Saturday, April 10, 2004

Khushwant SinghTHIS ABOVE ALL
The potent Gayatri Mantra
by Khushwant Singh

I HAVE succeeded in memorising the lines (like to show-off the little knowledge Ihave) but I have failed to comprehend their meaning nor understood why Hindus regard it as the mantra of all mantras. To me it appears to be no more than a hymn in praise of the sun. Allama Iqbal in his poem Aaftab also regarded it as a litany of solar worship. I have two other versions in translation. The first is by Professor V.N. Datta. The second by Nafay Kumail Radaulvi. Before their versions I reproduce the original:

Aum Bhur Bhuvah Svah, Tat Savitur Varenyam
Bhargo Devasya Dhimahi Dhiyo Yo Nah Prachodayat

Professor Datta translates the lines as follows:

"O Lord, who pervades the earth,

The intermediate world and the world of life,

We mediate on the supreme light

Of the illumining Sun-god,

That he may impel our mind."

Rudaulvi, who is himself a poet of some calibre, translated the same lines in more poetic words:

Oh Lord, the soul of this beautiful world and the founder of day and night

You are the creator of the universe and the provider for all

The Moon the Sun are there due to you and help creation

The life and death is subject to your existence

You are the Noor that is everywhere

The heart beats and all breathe with your permission

Please have mercy in the name of that noor

The knowledge and Aql gets the right intellectual orientation

Can some reader tell me why this mantra is looked upon as the most potent?

Loving tigers

Many years ago, I happened to be in the Nagerhole Wildlife sanctuary. I drove through the early part of the night, hoping to catch a glimpse of a tiger or two and other beasts of the jungle. All I saw was a herd of elephants, a few gaur and lots of cheetal deer. My disappointment was compensated by running into Vivek Sinha and his wife. Vivek, who retired as Additional Secretary, had made his home in evergreen Bangalore, which is close to a few wildlife sanctuaries and rich with bird life. Vivek’s passion in life is to shoot wildlife with his camera. Three years ago, his The Tiger is a Gentleman was published. I was enchanted by his pictures and the encounters he had with those ferocious rulers of the jungle. Recently, he has come out with another book The Vanishing Tiger: Wild Tigers Co-predators and prey species (Salamander). As the title claims, besides tigers, it has photographs of leopards, hyenas, wild dogs, foxes, varieties of deer, a python and lots of birds. The pictures are spectacular and show animals and birds living in total freedom in their habitats. I haven’t seen any better.

In the covering letter that Vivek Sinha sent me, he included a few couplets in Urdu composed by him. The first two pretty well capture his philosophy of life:

It is time to revive Hindustani
April 3, 2004
Recipe for cooking bestsellers
March 27, 2004
Relative appeal of beauty and films
March 20, 2004
Khayyam was a rationalist
March 13, 2004
Look for your goldmine
March 6, 2004
Of scarecrows and political satire
February 28, 2004
The importance of punctuating thought
February 21, 2004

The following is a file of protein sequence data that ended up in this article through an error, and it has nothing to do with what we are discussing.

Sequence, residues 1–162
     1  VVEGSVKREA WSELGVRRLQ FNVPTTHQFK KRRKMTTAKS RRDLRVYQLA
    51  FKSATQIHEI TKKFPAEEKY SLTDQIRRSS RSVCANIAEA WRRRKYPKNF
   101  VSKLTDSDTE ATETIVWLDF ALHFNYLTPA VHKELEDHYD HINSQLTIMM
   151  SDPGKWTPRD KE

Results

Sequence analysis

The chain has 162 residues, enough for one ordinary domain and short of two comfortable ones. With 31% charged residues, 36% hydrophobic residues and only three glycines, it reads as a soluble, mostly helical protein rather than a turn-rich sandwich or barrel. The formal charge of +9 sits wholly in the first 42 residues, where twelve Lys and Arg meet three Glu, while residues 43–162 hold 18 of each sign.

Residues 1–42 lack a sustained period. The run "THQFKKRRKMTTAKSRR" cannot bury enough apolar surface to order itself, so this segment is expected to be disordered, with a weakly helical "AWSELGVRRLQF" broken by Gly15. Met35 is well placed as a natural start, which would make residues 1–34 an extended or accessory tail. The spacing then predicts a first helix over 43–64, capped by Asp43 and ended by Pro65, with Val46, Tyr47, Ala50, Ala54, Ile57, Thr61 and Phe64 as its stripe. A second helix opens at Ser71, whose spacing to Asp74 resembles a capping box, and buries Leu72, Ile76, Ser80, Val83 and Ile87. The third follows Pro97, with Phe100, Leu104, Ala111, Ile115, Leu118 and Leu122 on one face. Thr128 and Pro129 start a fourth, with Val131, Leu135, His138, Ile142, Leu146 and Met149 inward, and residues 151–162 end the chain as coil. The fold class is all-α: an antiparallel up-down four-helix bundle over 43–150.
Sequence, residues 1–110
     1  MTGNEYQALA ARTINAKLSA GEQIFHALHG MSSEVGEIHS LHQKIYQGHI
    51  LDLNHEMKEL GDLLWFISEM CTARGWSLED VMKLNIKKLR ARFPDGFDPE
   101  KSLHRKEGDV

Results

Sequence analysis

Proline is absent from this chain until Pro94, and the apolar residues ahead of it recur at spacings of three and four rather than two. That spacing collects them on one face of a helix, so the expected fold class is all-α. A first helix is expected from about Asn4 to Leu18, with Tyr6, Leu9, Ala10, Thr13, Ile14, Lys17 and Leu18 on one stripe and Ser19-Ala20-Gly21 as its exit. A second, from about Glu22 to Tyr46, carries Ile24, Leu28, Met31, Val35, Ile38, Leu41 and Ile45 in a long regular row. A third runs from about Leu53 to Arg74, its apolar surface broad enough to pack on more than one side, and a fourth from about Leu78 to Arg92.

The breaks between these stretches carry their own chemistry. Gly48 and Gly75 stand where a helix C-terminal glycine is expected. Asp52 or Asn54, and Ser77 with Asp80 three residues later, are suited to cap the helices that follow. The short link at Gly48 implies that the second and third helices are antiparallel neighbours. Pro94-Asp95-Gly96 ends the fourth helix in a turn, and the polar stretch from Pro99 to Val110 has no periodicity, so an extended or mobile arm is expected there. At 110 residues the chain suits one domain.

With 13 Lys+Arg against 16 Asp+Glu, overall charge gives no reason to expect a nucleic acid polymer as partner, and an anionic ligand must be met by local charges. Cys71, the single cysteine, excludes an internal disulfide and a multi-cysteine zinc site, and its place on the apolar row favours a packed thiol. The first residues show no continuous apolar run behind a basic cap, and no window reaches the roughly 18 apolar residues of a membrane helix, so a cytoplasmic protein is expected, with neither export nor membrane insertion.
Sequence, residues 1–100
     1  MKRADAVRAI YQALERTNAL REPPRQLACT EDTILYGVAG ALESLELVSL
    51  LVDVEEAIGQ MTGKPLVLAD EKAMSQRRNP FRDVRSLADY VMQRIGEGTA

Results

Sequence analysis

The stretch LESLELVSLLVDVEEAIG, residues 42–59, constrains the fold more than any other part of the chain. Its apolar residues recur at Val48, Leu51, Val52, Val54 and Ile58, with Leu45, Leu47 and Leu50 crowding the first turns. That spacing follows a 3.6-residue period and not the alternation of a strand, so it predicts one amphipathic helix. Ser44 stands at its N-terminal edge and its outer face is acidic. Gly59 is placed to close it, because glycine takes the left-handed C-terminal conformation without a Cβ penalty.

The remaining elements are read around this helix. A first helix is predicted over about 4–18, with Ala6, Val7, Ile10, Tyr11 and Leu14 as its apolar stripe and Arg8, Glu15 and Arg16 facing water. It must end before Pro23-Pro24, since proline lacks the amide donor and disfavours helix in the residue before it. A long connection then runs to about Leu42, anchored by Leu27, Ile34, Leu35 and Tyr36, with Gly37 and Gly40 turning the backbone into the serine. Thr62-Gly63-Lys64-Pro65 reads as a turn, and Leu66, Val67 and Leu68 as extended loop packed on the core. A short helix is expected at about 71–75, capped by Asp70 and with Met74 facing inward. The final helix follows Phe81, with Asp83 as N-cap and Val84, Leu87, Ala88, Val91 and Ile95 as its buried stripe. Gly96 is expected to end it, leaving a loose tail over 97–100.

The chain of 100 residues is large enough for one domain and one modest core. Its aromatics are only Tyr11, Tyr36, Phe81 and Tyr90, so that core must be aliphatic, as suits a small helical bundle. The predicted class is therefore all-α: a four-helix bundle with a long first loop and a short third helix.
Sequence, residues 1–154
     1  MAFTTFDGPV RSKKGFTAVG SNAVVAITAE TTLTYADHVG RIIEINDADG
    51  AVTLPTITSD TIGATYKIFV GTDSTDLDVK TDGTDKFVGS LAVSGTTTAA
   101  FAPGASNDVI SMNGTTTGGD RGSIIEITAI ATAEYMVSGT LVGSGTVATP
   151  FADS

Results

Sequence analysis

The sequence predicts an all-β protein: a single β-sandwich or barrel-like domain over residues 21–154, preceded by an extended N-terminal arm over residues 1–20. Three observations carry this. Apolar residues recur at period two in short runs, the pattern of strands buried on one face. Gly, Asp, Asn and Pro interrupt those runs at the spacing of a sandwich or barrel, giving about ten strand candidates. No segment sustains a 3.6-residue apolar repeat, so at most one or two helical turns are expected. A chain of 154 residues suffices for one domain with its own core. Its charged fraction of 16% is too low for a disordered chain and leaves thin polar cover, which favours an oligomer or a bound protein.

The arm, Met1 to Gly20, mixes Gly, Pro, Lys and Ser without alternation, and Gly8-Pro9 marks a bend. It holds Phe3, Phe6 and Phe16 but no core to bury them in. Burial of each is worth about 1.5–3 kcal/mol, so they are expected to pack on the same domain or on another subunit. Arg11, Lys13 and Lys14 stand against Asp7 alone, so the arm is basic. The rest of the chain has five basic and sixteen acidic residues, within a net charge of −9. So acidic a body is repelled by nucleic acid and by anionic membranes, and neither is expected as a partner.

Ghalib knew his worth
February 14, 2004
In the sunset of their lives
February 7, 2004
Chennai, the city of achievers
January 31, 2004
Pakistanis are like us only
January 24, 2004
Farid was the first to use Punjabi in poetry
January 17, 2004
Sahir’s tortured soul
January 10, 2004
The colourful story of dull dictionary
January 03, 2004
Guru Gobind Singh did not want to separate God from God
December 27, 2003
The art of doing nothing
December 20, 2003
Manto’s description of the mayhem of 1947
December 13, 2003
Election fever spreads
November 29, 2003
Jayalalithaa has grown more enigmatic with time
November 22, 2003

Dozakh-o-jannat kay chakkar mein nahin phanstaa

Yeh mahaz Sheikh-o-Birahman kee rozee kay zareeye hain

Pasey-marg kaun jaaney kay hota hai,

Zindgi jeeta hoon, maaloom hai kya hota hai

I do not entangle myself in the maze of heaven or hell, They are items preachers of Islam and Hinduism sell, who knows where we go after we are dead? I live my life to the full, I know what it is, I live it well.

In his second composition, Vivek Sinha spells out another aspect of his falsafa (philosophy):

Gunahgaar hoon to apna hoon;

Kisee aur ka naheen;

Rahta hoon sadaakat say

Par Kisee Khauf say nahi

I am a sinner; my sins be on my head

I do not sin against anyone else;

I live in peace with myself.

I do not live in dread.


Bharatiya limericks

You got it wrong

How they talk to Muslims, Messers Vajpayee, Advani

"We will mend our ways, vote for us; see,

We are friendly with Pak

But they forget when they talk

That Indian Muslims are Indian, not Pakistani.

Saffron bandwagon

Why such crowding after BJP bandwagon rides?

Is there some ulterior motive that guides?

The reason is obvious

Intentions, though dubious

It is the bread that’s buttered on both sides.

Hefty Heptullah

Najma Heptullah is making statements brave

Strange are the ways the politicians behave

Or is it no more strange

That genes too undergo change

Maulana Azad must be turning in his grave.

(Courtesy: J.R. Jyoti, Secunderabad)

Name game

Sandeep JoshiA smart Malayalee — Debo Nair

A rich Malayalee — Millio Nair

A dynamic Malayalee — Pheno Menon

A talkative Bengali — Chatter-jee

A Maharashtrian who acts as James Bond — Rajan More

A Jat who falls at people’s feet — Charan Singh

A Jat who falls at people’s feet and stays there — Gir Charan Singh

A Jat who falls at just anyone’s feet — Har Charan Singh

A Bihari who distributes stale food at temples — Kalka Prasad

A Bihari who is above the law — Law-loo Prasad.

(Contributed by Brig Sukhjit Singh, Kapurthala)